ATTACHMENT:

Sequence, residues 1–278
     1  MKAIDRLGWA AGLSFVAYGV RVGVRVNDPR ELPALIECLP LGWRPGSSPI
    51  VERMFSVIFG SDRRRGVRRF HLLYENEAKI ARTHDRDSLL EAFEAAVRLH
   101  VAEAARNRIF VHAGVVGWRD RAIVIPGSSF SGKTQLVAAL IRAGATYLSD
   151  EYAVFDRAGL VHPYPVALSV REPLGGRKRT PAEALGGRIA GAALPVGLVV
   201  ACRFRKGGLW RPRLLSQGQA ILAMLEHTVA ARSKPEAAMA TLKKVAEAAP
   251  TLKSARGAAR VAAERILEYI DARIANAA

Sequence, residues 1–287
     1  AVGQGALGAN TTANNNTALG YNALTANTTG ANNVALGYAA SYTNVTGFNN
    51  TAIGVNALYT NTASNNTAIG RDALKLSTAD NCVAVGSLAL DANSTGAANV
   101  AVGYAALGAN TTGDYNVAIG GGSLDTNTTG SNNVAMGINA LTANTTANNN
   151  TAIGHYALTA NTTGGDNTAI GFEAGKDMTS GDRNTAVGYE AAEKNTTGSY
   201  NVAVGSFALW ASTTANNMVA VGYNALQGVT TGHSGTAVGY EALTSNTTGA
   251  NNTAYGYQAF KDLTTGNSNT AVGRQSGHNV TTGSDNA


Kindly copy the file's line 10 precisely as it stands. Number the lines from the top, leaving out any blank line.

    51  TAIGVNALYT NTASNNTAIG RDALKLSTAD NCVAVGSLAL DANSTGAANV